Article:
Karen Wood, Willamette University chaplain, will retire in July 2021 (Courtesy/Willamette University)

For over a decade, Karen Wood, the chaplain at Willamette University, has had a challenging task: addressing hundreds of faculty, students and their family from different faith traditions (or none at all) in a meaningful way without offending or alienating anyone.

As she prepares to retire, Wood, 63, said humor is key to managing this precarious balancing act. She's not above a lawyer joke at commencement to lead into a more serious recognition of the hard work students and their families have put in.

“One year, I pointed out that students might have called out God’s name when they saw the price of their textbooks,” Wood recalled of a speech at the law school commencement. “For me, it’s just really fun.”

Her work includes organizing vigils for students who have died, offering advice to colleagues and meeting one on one with those who are struggling or figuring out their own spiritual path.

“She quite literally is just the heart and soul of the Willamette community,” said Don Thomson, director of Willamette’s Bishop Wellness Center. “She’s there in the good times, she’s there in the bad times. She is the steady calming affirming kind presence through all of it.”

Wood said she realized it was time to retire while backpacking in Washington’s Goat Rocks Wilderness over the summer. She’s had requests from friends and family to devote more time to those relationships. She said something clicked while she was contemplating her future in the alpine meadows.

“There’s a certain seduction about chaplaincy. You get to feel needed, you get to hang out with young people,” she said. “I didn’t want anyone to think, ‘Yeah she stayed a little too long.’”

Wood, a minister in the United Church of Christ, said she long intended to become a college chaplain but took a meandering path to Willamette University.

After earning her doctorate in theology from Harvard Divinity School, Wood served as dean of students at Union Theological Seminary in New York, then at the National College of Natural Medicine in Portland. In those roles, she was sometimes able to discuss spirituality with students, but she said the work was more administrative than pastoral.

“I was working with all these students who were pursuing their passion and I wasn’t really pursuing mine,” she said.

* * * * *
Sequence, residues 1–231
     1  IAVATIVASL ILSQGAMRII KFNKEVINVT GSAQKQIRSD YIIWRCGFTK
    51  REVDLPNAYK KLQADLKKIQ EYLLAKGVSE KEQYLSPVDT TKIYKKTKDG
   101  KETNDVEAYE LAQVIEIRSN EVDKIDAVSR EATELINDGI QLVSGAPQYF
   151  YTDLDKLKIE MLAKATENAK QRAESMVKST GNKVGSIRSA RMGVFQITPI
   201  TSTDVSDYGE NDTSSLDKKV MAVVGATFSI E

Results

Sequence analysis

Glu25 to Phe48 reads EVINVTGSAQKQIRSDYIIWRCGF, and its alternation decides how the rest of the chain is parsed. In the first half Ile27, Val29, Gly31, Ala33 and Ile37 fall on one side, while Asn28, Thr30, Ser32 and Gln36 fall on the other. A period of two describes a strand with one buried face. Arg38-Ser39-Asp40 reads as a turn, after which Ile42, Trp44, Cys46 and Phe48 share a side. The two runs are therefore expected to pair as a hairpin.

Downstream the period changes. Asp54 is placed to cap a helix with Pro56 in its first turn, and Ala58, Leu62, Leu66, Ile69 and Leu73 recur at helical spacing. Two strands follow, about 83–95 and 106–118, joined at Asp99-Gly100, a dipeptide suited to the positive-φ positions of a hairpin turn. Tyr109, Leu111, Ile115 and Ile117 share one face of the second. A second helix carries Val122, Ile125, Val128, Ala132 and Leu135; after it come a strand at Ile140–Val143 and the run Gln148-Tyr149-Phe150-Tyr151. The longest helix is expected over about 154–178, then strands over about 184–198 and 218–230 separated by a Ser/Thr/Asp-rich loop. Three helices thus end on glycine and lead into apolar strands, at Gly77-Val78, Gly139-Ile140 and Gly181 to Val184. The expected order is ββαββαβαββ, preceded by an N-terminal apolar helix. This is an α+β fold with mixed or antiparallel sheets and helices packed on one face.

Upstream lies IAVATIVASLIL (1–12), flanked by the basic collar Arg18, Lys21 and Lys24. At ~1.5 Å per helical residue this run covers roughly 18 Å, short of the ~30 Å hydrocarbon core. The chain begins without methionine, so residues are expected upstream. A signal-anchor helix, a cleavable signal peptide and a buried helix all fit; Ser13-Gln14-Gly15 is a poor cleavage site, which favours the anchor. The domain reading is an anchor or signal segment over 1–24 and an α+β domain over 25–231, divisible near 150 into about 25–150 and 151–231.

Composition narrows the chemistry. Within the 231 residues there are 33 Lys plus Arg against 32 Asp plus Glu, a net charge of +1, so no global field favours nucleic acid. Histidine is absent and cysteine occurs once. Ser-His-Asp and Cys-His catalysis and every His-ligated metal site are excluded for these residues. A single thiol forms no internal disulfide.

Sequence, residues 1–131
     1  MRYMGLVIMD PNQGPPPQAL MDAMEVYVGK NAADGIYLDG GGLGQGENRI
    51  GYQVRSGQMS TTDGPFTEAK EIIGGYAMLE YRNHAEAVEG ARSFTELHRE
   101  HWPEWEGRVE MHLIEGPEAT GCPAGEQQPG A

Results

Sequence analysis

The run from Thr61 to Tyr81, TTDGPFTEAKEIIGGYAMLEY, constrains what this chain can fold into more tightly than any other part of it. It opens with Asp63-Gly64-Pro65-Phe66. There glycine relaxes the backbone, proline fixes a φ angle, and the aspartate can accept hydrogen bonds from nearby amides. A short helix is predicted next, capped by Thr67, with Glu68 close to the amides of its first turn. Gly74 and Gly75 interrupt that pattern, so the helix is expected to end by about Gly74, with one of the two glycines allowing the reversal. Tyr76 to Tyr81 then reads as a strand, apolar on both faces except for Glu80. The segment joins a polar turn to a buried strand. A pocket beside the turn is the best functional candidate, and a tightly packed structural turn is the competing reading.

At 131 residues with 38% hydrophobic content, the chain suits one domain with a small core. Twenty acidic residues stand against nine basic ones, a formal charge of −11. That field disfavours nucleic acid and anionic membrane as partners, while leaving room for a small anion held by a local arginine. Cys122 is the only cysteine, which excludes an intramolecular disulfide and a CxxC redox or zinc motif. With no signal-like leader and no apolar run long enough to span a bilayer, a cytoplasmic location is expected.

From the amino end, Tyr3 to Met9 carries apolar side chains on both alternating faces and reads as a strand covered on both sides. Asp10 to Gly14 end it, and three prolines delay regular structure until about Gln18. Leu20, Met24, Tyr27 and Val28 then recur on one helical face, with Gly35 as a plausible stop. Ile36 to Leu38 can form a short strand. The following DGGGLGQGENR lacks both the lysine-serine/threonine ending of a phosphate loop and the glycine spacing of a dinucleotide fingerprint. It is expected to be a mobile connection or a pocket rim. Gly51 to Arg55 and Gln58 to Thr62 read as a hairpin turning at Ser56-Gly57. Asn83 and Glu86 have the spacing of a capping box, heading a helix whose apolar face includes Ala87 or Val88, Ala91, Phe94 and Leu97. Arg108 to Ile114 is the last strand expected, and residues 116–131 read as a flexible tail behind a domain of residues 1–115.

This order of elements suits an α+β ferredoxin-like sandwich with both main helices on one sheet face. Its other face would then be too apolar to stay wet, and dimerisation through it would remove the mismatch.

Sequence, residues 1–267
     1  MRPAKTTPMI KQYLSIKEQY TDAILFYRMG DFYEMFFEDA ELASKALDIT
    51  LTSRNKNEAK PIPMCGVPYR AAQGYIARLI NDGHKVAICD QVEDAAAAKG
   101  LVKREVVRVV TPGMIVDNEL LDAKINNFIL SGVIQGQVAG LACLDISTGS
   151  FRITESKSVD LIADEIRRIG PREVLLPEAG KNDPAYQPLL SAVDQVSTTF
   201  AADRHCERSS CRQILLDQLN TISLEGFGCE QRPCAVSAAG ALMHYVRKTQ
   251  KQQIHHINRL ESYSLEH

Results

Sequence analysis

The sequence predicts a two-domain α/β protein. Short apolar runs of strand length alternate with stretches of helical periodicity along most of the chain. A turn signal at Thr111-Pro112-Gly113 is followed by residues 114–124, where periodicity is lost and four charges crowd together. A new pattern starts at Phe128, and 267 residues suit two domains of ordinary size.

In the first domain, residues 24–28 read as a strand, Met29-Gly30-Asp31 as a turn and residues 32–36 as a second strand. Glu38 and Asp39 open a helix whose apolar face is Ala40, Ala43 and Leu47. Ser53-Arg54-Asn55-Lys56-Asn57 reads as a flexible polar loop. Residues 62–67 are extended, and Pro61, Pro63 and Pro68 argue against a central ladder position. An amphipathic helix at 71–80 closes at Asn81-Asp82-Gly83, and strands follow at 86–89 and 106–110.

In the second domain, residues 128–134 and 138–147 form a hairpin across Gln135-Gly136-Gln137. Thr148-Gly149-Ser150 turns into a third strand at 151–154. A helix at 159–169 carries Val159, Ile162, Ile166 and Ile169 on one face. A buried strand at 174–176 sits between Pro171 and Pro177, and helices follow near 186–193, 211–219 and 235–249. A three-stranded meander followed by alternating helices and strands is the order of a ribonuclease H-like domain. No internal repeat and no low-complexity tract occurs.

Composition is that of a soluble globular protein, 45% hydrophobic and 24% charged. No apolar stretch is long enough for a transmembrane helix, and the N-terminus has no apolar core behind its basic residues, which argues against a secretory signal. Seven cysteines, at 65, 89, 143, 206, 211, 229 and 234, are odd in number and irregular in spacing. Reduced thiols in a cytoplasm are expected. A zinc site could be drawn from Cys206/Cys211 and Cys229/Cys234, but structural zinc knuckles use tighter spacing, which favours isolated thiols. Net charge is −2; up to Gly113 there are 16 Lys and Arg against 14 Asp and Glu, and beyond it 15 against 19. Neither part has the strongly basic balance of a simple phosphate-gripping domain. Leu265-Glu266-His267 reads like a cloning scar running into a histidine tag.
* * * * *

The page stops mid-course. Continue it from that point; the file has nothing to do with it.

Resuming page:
When an associate chaplain position at Willamette opened up, she applied, and came to campus the in 2002. Her role was part of a grant to establish a theological and spiritual vocation program to help students determine what they wanted to do in life by exploring their values.

Much of her work is behind the scenes on campus, involving conversations with students or faculty seeking counsel and lending her insight to committees. Willamette has about 2,000 students between undergraduate and graduate programs.

Those individual conversations make commencement especially memorable, she said.

“When I know the stories of some of the students who walk across the stage and how beautifully they’ve navigated some of those moments,” Wood said.

“I go to her for advice whenever anything difficult arises, especially when I need to check my own rising temperature at the door, she’s always a cooling influence,” said Stephen Patterson, a professor of religious studies.

Wood teaches part-time in the department, offering a course on liberation theology, a Latin American 20th century religious movement fusing Catholic tradition with a focus on social issues and economic justice. Patterson said her classes have often sparked students’ interest in studying religion.

Though students often seek her out in difficult moments, Wood said providing emotional support to others is something she draws energy from.

“It doesn’t drain,” she said. “There’s energy in someone trusting you to be with them and hold that synergy and hold that space. That trust has a positive energy to it.”

In 2012, she became campus chaplain when her predecessor, Charlie Wallace, retired. Wallace said the university would typically conduct a national search for a chaplain role, but promoting Wood was an easy decision.

The two shared a style of public address grounded in “oddball invocations,” he said, prayers or moments of reflection to mark major events on campus. He said that style was a necessity in connecting with people in a region of the U.S. famed for its low church attendance.

“She certainly was able to show that humor in public and also able to show and demonstrate the importance of justice work and equity work in the university,” Wallace said.

Wood’s sense of humor extends to her relationship with colleagues. For years, she’s had an ongoing feud with Thomson over the merits of Red Vines versus Twizzlers.

He’s accepted Wood will never agree with his view that Twizzlers are little more than red candle wax. But it’s not unusual for him to find candy at his desk or in his mailbox.

“She’ll send me Twizzlers when she wants to rib me a little bit and she’ll send me Red Vines when she wants to send some kindness my way,” Thomson said.

She’s taken extra care to support Thomson as he took on the university’s Covid response over the past year, he said, a heavy and often stressful role. He said Wood is someone who “puts good back into the world and challenges us all to do the same. We need more of that right now.”

Contact reporter Rachel Alexander: [email protected] or 503-575-1241.

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